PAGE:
Furthermore, divorced parents have greater difficulties. Unless you have an amazing relationship with your ex, it can be difficult to sit them down and get them to agree with anything you want to do with your child. You say the sky is blue. They say it’s green. There is just no agreeing. Now try telling that other parent, who still wants to call pancakes “pamcakes,” like she did when she was a child, and wishes that her child still called meatballs “meatbobs,” that at some point it is necessary to sit down with their child to inform them that there is no jolly fat man riding a sleigh with reindeer, one of whom has a lit up nose; or there really isn’t a giant six-foot invisible bunny dropping colorful plastic eggs everywhere with candy, toys, or money inside. It’s like talking to the wind. It will be silent; or, when it does answer you, you will be whipped around and carried off to some magical world with evil witches, munchkins and ruby slippers. Nothing will make sense, unless you have been hitting the prescription drugs too hard; and your hair just won’t be as pretty.
But you also don’t want to be the person who is the shmuck with the stupid look on their face when facing your child after they have found out for themselves that you don’t have a white fuzzy tail, or that your white beard is removable. (I apologize in advance to all jolly fat men with long white beards who are fathers. Keep on keeping on!) And you REALLY don’t want to be the person, with the stupid look on their face, after you have heard from your child that your ex told them you have been lying to them the whole time about the Easter Bunny; and, Rudolph is really your best friend Steve, whose nose gets bright red after one too many drinks. You can just feel that sinking feeling with every word from your child’s mouth. This sinking feeling gets even more pronounced after they announce to you your supposed “co-parent” told them they never wanted to lie to them. You had forced them into lying to your child all those years and they feel horrible about it.
So I admit, I am in a pretty precarious position. Either I will come up with the greatest Easter Basket known to man, ducking the ever vigilant eyes of my inquisitive eleven year old, or this will be the most epic failure in the history of all parental Easter Bunnies. I will have to turn in my parent Easter Bunny union card, number 186315746; and, give up my yellow Easter Bunny suit. The horror!!! I will miss that fuzzy cotton tail. Seriously, I am trying to picture what I am going to do for this Easter and so far no light bulbs have been popping up over my head, unless they are exploding ones that I am ducking from.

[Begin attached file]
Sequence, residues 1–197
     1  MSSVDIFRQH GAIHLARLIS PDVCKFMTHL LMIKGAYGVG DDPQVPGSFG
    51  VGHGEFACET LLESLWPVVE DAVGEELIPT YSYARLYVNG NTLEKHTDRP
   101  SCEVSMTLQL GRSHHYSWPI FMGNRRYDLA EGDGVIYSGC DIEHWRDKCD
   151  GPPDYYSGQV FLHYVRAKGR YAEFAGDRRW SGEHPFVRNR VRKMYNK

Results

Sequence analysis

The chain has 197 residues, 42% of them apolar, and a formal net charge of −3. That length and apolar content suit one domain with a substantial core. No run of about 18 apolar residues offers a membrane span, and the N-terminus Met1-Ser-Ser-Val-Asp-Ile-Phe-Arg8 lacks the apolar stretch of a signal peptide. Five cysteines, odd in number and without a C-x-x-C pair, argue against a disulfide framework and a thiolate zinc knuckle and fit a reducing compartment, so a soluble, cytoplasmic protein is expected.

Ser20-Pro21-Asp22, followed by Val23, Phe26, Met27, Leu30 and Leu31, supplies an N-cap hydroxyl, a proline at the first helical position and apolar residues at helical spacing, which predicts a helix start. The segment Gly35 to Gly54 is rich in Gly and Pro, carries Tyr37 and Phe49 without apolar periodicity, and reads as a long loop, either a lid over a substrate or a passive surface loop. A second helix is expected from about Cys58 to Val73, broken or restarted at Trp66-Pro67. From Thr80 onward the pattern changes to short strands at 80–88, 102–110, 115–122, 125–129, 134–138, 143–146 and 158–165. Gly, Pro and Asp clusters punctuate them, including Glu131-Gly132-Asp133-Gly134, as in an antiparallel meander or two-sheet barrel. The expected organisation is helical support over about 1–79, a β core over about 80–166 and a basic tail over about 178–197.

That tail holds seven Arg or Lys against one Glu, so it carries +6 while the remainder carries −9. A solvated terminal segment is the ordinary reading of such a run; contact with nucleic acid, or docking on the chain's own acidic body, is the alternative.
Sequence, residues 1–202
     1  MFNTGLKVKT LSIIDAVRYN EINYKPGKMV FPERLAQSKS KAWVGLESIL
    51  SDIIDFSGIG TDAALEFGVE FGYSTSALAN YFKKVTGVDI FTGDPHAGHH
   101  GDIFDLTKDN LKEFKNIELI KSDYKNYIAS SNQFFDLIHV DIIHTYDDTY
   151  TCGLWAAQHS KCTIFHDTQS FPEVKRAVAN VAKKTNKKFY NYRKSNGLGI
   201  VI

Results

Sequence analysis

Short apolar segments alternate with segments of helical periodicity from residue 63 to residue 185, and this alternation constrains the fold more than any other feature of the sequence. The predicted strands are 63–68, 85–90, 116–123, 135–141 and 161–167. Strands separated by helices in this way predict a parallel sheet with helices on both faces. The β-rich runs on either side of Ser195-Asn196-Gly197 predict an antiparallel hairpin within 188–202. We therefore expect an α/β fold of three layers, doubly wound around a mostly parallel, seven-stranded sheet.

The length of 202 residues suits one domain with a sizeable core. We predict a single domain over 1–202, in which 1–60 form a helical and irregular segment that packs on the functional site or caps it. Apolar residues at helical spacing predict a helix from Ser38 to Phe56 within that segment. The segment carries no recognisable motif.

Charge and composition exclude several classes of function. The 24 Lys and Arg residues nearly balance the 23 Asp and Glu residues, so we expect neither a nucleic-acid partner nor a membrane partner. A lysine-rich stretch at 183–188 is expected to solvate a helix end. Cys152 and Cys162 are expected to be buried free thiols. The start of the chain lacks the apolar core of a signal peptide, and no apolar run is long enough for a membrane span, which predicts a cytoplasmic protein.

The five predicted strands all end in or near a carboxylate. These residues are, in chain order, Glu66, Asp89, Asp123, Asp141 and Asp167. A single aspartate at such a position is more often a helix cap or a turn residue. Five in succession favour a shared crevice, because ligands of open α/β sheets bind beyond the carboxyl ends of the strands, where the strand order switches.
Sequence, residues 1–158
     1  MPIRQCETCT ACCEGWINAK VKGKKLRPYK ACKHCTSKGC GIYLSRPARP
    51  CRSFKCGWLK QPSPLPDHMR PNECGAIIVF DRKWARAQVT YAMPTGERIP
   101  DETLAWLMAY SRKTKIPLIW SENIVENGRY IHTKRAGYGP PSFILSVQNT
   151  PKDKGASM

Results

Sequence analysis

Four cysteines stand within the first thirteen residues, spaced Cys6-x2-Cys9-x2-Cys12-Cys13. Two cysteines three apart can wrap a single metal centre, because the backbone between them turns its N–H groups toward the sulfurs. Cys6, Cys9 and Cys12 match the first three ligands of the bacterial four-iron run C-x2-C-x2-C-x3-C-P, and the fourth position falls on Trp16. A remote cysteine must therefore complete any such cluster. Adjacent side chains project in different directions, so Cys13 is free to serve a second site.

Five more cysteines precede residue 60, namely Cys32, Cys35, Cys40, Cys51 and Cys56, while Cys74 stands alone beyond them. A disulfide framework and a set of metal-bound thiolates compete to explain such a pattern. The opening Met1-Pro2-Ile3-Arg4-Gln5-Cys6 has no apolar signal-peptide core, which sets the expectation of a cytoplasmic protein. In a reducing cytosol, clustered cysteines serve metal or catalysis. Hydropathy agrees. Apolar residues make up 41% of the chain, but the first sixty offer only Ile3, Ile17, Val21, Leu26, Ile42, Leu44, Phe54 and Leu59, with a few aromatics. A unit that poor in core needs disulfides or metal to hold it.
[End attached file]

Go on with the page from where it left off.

Despite my fears, I do have one idea how I want to handle this, after one final celebration where we had short men, dressed in green suits, with red beards. I need to sit down with my child and ask her if she wants to know the truth about any of the holidays. If she does, I will tell her. Secondarily, I will inform my daughter’s mother that I would welcome her to be there the day that my daughter finally decides she wants to have that important conversation. I would tell my co-parent first, but I feel like I have been trying to have this conversation for the last couple of years; and the response has been as welcoming as Vincente Fox is of Donald Trump coming to Mexico. (BFF’s forever. You know it!) I just want my daughter to know that I would not lie to her forever about any issue. Trust is so important for any parent child relationship. When that child becomes a teen, that trust is even more important.
And as for the Easter Basket dilemma, I have many things to be thankful for. One, I don’t have to worry about the 3+ on the toys any more. You have to be grateful for the little things, right? Two, I don’t have to wrap up a basket full of chocolates and make her wait a few years before she eats it. She can have some right away, even if I want to portion out the rest like I am rationing water in the state of California. Besides, I may convince her to give some of it away to kids who are less fortunate. I think this is something I feel like she would feel good about. And finally, if I screw it up this year, I will not have to worry about another Good Friday and Easter right around her birthday for another eleven years. I’m thinking she might not believe in the Easter Bunny by then.
So what do you think? I know many of you are grateful you do not have to deal with an ex. You have a loving spouse or you are a single parent with a former partner whose face should be on a milk carton for how quickly they disappeared. You do not have to argue with someone about how to handle the big reveal. Nevertheless, how do you handle dealing with informing your child about the magical creatures from their holidays? Celebrations and traditions become so important to them from an early age. What do you do as these celebrations have to change as your children grow older? Do you inform them or do you let them find out on their own? And if they already found out about it, how did your kids handle it?
In the next couple weeks I hope to do at least one Easter Recipe. Should be fun doing with my child. And hopefully it ends up on here, or the cover of Epic Food Fails Magazine. Fifteen minutes of fame is still fifteen minutes!
Until next time. This is me, signing off again.
David Elliott, Single Dad’s Guide to Life